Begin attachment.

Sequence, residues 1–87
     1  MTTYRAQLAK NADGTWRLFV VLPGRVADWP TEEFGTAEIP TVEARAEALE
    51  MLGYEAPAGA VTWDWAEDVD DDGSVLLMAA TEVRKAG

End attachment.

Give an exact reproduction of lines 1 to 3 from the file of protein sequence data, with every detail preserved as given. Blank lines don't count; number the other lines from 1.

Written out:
Sequence, residues 1–87
     1  MTTYRAQLAK NADGTWRLFV VLPGRVADWP TEEFGTAEIP TVEARAEALE
    51  MLGYEAPAGA VTWDWAEDVD DDGSVLLMAA TEVRKAG